My drive home from work takes me across the countryside through a network of lanes and past an abattoir. I often wonder if the animals destined for slaughter there have any inkling of what might be about to happen to them. They must have been able to smell the fresh scents of grass and wildflowers, and the rank overtones of damp vegetation and earth from the stream which runs alongside the lane as the transporter took them on their final journey.
On the occasion in question, as I drew nearer to the abattoir, I noticed a frenzy of activity in the car park and slowed down to investigate. Several burley chaps clad in green overalls and wellies came charging out into the lane in hot pursuit of a large sheep which had apparently made a dash for freedom. I stopped and watched in horrified fascination as, cushioned by its luxuriant fleece, the escapee bounced off several parked cars and skidded around the corner on two legs before careering off down the lane in front of me, bleating loudly.
The slaughterhouse men charged en masse after the sheep cursing and swearing as it disappeared around a bend in the lane. I overtook them and caught up with the runaway, being careful to keep well back in case it turned around. But the sheep kept on running, eventually veering onto the opposite side of the carriageway. Here the lane climbed uphill slightly and from my vantage point I could make out a little red car approaching from the opposite direction. The sheep was still on the wrong side of the road as we approached a hump-backed bridge and there was no way the driver of the oncoming vehicle would see it in time.
I stopped and watched helplessly as car and sheep collided. I saw the driver's eyes widen in alarm as the sheep was thrown onto his bonnet and bounced against the windscreen before rolling back into the lane. Fortunately the driver had slowed down considerably to negotiate the blind summit of the bridge and the sheep's thick, woolly fleece saved it from injury. It lay stranded on its back, legs paddling wildly. We both jumped out of our vehicles and stood looking at each other in shock.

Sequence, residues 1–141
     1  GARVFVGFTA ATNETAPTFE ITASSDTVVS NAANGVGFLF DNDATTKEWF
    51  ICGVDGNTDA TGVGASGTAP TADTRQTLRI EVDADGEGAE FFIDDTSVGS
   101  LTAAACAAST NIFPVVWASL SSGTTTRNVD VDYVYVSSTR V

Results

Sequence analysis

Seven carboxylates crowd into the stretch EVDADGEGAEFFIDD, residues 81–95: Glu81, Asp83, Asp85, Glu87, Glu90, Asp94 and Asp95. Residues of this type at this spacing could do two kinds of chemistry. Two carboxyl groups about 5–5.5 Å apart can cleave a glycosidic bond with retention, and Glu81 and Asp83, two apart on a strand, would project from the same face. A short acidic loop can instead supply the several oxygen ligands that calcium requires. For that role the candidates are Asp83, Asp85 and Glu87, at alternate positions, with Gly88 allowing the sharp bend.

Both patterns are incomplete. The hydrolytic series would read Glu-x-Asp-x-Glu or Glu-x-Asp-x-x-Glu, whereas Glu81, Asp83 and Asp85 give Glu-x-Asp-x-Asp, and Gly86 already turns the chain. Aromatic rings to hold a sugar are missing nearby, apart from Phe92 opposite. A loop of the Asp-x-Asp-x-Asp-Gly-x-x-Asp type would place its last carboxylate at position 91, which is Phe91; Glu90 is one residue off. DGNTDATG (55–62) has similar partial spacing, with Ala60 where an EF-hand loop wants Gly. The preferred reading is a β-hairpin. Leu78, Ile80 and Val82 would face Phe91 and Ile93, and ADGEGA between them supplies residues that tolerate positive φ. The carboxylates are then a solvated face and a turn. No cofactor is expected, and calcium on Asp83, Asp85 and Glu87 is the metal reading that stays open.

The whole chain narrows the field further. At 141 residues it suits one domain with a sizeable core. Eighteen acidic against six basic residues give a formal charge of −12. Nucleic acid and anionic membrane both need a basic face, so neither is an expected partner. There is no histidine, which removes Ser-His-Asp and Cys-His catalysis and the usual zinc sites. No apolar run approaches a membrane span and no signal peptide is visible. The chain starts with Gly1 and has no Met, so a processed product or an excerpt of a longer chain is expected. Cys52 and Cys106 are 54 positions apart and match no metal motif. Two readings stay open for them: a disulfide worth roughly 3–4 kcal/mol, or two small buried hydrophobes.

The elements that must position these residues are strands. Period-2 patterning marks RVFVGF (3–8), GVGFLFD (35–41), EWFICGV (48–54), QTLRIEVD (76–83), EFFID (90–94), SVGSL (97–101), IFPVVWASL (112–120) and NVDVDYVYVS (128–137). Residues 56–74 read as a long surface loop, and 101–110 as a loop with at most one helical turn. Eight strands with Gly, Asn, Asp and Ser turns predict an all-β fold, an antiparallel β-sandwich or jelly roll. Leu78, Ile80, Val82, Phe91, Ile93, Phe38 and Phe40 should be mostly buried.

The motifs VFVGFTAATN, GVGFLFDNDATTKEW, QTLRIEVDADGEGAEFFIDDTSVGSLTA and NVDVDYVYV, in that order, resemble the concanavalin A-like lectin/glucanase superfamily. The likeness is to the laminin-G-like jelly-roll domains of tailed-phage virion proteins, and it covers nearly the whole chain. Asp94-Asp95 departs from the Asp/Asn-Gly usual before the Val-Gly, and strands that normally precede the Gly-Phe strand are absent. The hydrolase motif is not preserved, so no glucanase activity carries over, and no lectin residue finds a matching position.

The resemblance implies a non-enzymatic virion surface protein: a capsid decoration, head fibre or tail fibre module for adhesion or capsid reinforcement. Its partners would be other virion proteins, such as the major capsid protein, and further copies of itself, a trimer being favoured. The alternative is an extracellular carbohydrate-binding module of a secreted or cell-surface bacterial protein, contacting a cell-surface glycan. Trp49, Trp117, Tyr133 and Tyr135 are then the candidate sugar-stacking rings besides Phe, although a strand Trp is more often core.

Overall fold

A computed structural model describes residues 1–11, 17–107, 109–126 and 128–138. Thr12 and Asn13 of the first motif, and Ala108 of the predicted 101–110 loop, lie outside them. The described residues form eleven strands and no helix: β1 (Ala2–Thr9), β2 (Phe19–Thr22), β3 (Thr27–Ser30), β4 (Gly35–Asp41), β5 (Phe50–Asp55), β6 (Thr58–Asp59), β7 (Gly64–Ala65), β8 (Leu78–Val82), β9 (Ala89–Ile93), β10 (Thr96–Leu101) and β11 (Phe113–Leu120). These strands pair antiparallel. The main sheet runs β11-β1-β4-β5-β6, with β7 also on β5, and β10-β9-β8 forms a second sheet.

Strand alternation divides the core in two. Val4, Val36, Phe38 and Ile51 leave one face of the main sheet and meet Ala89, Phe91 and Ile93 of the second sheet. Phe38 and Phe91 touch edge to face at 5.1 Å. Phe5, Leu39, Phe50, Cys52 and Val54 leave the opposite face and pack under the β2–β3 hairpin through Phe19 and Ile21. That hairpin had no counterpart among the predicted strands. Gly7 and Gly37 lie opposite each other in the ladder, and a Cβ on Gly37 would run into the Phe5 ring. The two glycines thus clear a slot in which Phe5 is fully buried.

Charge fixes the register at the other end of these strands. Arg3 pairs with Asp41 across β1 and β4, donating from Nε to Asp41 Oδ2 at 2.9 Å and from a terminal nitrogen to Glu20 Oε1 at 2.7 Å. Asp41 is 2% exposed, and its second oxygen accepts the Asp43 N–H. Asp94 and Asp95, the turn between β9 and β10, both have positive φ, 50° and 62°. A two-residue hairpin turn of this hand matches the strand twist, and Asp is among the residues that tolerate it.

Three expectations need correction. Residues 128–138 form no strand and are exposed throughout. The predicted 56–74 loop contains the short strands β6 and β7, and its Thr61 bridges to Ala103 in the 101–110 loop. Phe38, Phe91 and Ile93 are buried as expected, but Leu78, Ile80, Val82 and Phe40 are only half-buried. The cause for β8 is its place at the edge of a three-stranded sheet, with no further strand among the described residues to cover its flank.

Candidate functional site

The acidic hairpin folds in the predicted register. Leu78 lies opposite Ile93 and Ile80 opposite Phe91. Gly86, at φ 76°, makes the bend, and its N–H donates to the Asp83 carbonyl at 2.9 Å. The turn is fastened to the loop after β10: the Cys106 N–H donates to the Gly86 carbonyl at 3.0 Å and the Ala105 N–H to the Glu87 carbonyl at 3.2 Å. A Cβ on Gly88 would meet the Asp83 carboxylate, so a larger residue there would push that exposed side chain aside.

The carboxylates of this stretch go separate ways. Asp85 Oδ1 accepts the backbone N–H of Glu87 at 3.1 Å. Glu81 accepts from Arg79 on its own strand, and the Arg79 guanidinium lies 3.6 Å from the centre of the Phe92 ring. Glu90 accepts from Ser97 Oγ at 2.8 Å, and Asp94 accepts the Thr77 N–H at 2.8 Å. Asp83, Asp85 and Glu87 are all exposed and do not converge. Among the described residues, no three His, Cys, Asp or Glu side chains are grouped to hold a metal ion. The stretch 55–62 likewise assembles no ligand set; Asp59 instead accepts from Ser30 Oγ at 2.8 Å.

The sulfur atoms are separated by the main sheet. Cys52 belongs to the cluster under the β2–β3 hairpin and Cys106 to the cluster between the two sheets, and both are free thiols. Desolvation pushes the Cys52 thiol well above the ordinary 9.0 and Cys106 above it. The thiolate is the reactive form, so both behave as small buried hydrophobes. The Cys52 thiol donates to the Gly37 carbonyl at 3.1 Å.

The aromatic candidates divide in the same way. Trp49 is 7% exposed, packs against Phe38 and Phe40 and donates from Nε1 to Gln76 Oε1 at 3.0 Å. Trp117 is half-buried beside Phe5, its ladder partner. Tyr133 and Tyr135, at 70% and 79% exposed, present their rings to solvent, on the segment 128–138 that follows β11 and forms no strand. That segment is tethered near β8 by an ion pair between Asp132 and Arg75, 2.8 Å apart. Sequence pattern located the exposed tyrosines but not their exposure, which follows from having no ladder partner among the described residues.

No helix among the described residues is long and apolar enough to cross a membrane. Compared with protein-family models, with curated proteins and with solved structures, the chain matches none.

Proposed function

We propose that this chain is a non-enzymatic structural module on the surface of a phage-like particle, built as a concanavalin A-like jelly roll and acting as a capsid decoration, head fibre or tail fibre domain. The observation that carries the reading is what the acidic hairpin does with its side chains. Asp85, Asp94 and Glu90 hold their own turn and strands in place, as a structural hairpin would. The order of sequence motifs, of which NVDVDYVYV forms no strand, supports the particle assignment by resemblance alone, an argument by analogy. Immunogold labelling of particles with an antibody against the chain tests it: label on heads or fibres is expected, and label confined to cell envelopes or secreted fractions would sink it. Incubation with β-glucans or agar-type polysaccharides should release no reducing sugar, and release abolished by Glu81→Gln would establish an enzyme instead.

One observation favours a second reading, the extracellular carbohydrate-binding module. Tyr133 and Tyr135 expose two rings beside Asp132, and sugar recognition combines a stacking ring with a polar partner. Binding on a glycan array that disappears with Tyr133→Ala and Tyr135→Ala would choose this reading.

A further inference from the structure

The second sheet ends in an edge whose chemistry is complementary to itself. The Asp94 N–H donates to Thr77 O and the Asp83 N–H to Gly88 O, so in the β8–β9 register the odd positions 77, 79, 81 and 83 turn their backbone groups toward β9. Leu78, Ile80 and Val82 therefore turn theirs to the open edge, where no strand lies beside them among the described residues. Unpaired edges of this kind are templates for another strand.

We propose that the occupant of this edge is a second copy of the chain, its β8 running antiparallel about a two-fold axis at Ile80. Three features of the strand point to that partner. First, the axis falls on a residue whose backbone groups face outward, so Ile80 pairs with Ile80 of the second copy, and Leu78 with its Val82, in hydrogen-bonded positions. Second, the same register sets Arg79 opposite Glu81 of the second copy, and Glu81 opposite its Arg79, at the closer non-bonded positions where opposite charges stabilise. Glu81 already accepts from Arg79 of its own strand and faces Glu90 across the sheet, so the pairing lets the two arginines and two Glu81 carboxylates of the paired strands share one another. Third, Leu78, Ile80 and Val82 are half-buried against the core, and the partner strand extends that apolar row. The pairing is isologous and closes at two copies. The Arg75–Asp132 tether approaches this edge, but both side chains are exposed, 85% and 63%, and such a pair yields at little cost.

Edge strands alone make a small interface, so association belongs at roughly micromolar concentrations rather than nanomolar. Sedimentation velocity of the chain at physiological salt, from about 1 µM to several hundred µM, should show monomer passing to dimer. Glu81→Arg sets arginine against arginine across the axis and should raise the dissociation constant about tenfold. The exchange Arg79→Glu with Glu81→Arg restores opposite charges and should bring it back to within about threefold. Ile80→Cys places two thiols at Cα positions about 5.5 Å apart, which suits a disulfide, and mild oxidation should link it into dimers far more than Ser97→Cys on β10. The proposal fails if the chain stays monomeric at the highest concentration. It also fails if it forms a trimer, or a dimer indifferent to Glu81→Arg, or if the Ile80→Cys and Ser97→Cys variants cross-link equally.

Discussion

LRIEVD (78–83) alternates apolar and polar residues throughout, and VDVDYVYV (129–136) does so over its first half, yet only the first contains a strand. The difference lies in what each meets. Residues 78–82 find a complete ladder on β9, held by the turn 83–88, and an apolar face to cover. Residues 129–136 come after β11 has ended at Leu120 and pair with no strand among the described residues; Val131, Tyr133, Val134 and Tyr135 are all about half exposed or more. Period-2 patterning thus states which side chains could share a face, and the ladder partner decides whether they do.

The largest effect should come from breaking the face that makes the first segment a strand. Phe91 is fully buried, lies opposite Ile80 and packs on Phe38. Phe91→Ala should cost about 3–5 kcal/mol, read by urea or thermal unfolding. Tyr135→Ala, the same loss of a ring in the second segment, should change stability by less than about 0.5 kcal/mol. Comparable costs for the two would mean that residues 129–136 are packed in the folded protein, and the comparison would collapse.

The sheep lay quite still and we feared the worst. Then, it abruptly shook itself and jumped to its feet apparently unharmed. It considered us for a moment, bleated indignantly and dived into the thick undergrowth of the roadside verge. In the distance I could hear the approaching slap of wellies on tarmac. Suddenly, there was a commotion in the bushes and a frantic scrabbling of cloven hooves. The sheep had evidently realised that capture was imminent and had somehow leapt not just the hawthorn hedge but the fence behind it too before making good its escape into the field.
It was just in the nick of time too. The slaughterhouse men appeared, puffing and cursing. The little red car driver and I exchanged a knowing smile and nodded in the direction of the sheep's escape route. All eyes followed ours. "Oh bugger it!" exclaimed one of the men, removing his flat cap and flinging it to the ground in disgust.
We all looked over the hedge into the field at the large flock of sheep grazing peacefully there. The slaughtermen shook their heads and admitted defeat. As they trudged away, I swear one particularly large and lucky sheep turned to me and winked!
Image credit: Tobias Akerboom (at hutmeelz)